- Class A – Individuals who are apparently healthy and in whom there is no evidence of increased heart-related risk with exercise.
- Class B – Individuals with established coronary heart disease that is stable. These individuals are at low risk of heart-related complications with vigorous exercise.
- Class C – Individuals who are at moderate or high risk of heart-related complications during exercise. Examples of people who would be in this category are those who have had several heart attacks and those who have chest pain at a relatively low level of exercise. Patients with certain positive findings on an exercise test may also be in this group.
- Class D – Individuals with unstable disease who should not participate in an exercise program.
The program will consider the patient's fitness level, heart health, any physical limitations, the amount, intensity and duration of exercise needed to improve heart health, and the need for supervision.
- Type of exercise – The exercise should use large muscle groups and include aerobic exercise. Walking, jogging, cycling, rowing, and stair climbing are some examples.
- Frequency – The recommended frequency of exercise is three to five times a week.
- Content and duration – It is important that each session consist of a 5- to 10-minute warm-up phase, a conditioning phase of at least 20 minutes, and a 5- to 10-minute cool-down phase. Eliminating the cool-down phase can increase the risk of heart-related complications.
- Intensity – One of the most important components of the exercise prescription is the intensity of exercise. This is based upon the patient's heart rate or the level of exertion. A number of formulas exist to calculate the appropriate maximum heart rate for each patient.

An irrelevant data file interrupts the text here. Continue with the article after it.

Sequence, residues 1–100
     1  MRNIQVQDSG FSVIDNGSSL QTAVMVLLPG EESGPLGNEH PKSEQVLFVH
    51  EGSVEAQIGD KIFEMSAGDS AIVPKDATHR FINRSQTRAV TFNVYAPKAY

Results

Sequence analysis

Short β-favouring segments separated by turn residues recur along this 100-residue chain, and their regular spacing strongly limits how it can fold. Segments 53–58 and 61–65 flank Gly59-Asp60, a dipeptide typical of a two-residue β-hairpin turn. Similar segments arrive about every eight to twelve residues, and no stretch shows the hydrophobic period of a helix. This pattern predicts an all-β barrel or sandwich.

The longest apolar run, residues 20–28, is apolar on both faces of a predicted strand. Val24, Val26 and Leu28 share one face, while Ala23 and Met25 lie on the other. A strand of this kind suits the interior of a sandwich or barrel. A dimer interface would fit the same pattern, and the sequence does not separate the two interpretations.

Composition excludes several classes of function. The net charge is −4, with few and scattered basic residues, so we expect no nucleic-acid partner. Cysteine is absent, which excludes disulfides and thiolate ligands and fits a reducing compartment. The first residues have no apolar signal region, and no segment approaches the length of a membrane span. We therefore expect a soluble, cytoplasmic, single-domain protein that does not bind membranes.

- Exercise progression – Over time, most people can gradually increase the level of exercise in the workout. Beneficial exercise can also be built in to the daily routine by taking a brisk walk or enjoying active play with children or grandchildren.
- Supervision – Patients who are in Class C should be in a medically supervised program where the electrocardiogram (ECG) is monitored during exercise. Advanced life support equipment (eg, a defibrillator, medications, personnel trained to use this equipment) should be on hand. This level of supervision should continue for at least 8 to 12 weeks. Lower-risk patients (Class B) benefit from a medically supervised, ECG-monitored program for the first 6 to 12 sessions. Following this, a home-based exercise program is safe and effective.
4. Reduce Cardiac Risk Factors
A number of factors increase the risk of developing or speeding the progression of heart disease. Reducing or eliminating these risk factors can be helpful, even if a person already has heart disease or has had a heart attack. Strategies to reduce risks are discussed below.
- Heart healthy diet — A heart healthy diet involves substituting veal, lean meat, poultry, seafood, whole grain pasta, lentils, corn, rice, beans, nuts, or vegetarian dishes for fatty meats, cream, cheese, and high sugar or high refined carbohydrate foods.
- Stop smoking — Cigarette smoking significantly increases the risk of coronary heart disease and heart attack. Stopping smoking can rapidly reduce these risks. One year after stopping smoking, the risk of dying from coronary heart disease is reduced by about one-half and the risk continues to decline with time. In some studies, the risk of heart attack was reduced to the rate of nonsmokers within two years of quitting smoking.
- Treat high blood pressure and high cholesterol — Medicines to control high blood pressure and high cholesterol are usually recommended after bypass surgery. (See 'Medications' above.) It is important to take these medications exactly as prescribed.
- Psychosocial treatment — Feelings of depression, anxiety, and denial are common after bypass surgery, occurring in up to 40 percent of people. Depression can reduce a person's ability to exercise, decrease energy levels, cause more fatigue, or reduce a person's quality of life and sense of well-being. Women, and in particular younger women, are at an especially high risk for depression.
- Reduce stress — Long-term stress in the home, at work, or with finances can increase the risk of heart attack, stroke, and chest pain. Many cardiac rehabilitation programs teach patients how to reduce stress in an attempt to lower these risks.
Uptodate. (n.d.). Retrieved March 25, 2021, from https://www.uptodate.com/contents/recovery-after-coronary-artery-bypass-graft-surgery-cabg-beyond-the-basics